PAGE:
Human interaction. We all know that people can be awesome, good, sympathetic, cheerful or helpful. The world is not black and white, though. Neither is human personality. The very same bunch can feel depressed, angry, nervous or bitchy next day.
You would expect that ladies and lads providing support to customer would always show empathy and the highest level of professionality. The thing is, they don’t. Of course they should, but let’s be honest with each other. Chasing perfection is the ultimate goal of every customer experience manager, although no one will ever reach this holy grail when every single interaction goes according to “plan”. All that’s left is to do our best to get as close as possible, but how?
Negative feedback from customers is here to stay, no matter how well trained and helpful your agents are. The problem with rebukes is that stingy comments just stick. “Hateful” notes grow on your staff, even more, when they are not aimed at a product or a company, but are rather personal instead. Add some frustration into the mix and let’s assume that the support agent did their best and still did not succeed. It’s raining outside and the train to work was late. Agent missed their breakfast. The next chat is ringing, but the consequences from last negative encounter are naturally passing to the very next interaction. “No one appreciates my job, so why am I even trying?” Thinking something like that is perfectly understandable, but simply wrong on so many levels.
Everything comes down to one phrase “the right mindset”. Now you might expect some general guidelines on how to handle stressful situations and rant about “customer experience is most important thing in the universe, so die for it”. No. Just no. That is simply not my style. I am writing about how negative feedback affects the personality and emotions of support agents, so I would rather talk about myself and what I do to get by. I’ll take a leap of faith and hope that you find some inspiration in my words.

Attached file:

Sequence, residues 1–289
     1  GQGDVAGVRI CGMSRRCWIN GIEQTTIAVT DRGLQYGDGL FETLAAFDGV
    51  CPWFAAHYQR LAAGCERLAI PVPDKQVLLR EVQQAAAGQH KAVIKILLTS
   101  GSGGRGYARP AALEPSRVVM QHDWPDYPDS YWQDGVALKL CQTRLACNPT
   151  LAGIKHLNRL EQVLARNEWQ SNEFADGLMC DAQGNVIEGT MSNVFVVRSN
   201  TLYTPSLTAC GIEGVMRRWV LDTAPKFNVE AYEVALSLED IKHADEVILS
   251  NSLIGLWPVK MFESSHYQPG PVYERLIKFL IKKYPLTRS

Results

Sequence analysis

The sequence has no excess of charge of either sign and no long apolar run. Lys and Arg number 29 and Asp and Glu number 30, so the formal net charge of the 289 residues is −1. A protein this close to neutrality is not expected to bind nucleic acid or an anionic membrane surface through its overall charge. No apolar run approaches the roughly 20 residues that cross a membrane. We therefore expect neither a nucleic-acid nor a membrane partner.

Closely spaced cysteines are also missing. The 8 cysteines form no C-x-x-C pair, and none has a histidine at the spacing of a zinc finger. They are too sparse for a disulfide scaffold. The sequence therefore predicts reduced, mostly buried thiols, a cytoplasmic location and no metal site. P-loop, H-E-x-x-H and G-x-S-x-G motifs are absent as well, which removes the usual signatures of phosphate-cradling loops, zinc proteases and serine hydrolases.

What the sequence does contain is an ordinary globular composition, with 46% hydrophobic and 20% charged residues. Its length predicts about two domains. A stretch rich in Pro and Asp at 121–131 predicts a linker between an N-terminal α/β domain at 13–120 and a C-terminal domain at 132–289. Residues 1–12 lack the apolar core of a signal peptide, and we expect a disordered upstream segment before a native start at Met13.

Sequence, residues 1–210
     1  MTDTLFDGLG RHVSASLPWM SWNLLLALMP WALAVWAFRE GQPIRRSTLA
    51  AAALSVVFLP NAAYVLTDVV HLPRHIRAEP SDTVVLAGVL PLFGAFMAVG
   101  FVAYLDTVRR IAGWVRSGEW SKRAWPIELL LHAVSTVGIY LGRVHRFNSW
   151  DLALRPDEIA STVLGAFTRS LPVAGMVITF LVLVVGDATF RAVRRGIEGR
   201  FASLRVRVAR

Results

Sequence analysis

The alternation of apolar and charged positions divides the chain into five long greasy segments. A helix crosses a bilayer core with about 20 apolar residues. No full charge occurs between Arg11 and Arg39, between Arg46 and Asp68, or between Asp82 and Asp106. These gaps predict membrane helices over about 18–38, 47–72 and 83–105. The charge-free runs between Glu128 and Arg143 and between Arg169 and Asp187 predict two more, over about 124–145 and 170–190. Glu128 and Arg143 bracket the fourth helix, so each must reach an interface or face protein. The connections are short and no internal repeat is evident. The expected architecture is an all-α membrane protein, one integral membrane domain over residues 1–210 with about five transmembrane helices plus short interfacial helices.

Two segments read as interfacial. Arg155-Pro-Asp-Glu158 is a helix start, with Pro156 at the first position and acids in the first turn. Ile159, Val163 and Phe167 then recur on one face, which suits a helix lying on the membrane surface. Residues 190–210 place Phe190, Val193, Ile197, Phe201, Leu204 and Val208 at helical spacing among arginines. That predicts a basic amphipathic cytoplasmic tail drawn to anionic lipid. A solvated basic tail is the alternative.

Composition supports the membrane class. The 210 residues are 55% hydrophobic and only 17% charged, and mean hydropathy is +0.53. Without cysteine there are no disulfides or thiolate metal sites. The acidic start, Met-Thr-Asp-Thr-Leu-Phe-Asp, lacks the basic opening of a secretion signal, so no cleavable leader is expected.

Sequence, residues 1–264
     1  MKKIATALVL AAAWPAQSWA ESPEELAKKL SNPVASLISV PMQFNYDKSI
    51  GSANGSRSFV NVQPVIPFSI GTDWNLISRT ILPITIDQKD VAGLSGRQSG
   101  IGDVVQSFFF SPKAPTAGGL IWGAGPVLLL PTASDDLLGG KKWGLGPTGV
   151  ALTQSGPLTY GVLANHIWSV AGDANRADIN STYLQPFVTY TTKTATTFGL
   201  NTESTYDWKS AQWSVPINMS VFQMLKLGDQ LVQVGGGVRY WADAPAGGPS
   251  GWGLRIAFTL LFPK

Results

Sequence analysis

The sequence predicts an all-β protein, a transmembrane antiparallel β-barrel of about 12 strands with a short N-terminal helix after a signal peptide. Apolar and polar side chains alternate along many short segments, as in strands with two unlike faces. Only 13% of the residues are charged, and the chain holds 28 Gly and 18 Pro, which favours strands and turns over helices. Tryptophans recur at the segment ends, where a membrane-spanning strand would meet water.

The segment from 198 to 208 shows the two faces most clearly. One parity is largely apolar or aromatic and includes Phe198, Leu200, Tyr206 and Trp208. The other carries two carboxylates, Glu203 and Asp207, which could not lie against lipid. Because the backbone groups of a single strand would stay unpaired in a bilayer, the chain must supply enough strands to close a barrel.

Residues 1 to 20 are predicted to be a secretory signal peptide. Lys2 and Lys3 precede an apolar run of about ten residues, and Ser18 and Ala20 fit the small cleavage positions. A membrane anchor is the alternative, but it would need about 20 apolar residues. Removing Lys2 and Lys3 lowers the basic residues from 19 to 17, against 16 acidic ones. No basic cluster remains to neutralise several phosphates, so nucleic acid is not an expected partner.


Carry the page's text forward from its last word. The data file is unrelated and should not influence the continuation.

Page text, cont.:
Once I get negative feedback, my brain commands me to analyze every piece of it. This process can be very hurtful, but it’s necessary for a final conclusion – Did I deserve it? If the answer is yes, there is no way around it. I do a humble follow up with the customer, explain myself truthfully and offer a personal and sincere apology. I can only hope that the customer accepts it. On the other hand, sometimes I cannot help myself and I feel that I have done everything properly and I just don’t deserve negative feedback. Instead of getting even more angry or depressed I think about the last time this happened. I got passed it back then, I am still here, I’ll get over it again and 2 weeks from now, it won’t matter anymore.
The best negativity cure is positive feedback. I chose this career path for a reason. I actually like my job (most of the time) and I love helping people. This attitude has resulted into some really nice things customers say about me. I go back, reread our conversations, check the feedback on specific tickets and experience the joy of being rewarded all over again. This workflow serves as the best reminder that I am actually able to do my job properly and that I am able to deliver excellence again and again and again.